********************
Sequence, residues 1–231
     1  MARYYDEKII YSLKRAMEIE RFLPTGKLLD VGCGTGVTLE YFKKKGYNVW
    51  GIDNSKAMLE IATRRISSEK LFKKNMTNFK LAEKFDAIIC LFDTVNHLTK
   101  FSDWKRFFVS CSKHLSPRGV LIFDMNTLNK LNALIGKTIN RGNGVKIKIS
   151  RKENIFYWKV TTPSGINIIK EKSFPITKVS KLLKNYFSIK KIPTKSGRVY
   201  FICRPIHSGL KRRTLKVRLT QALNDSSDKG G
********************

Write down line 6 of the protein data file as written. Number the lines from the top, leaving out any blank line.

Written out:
   201  FICRPIHSGL KRRTLKVRLT QALNDSSDKG G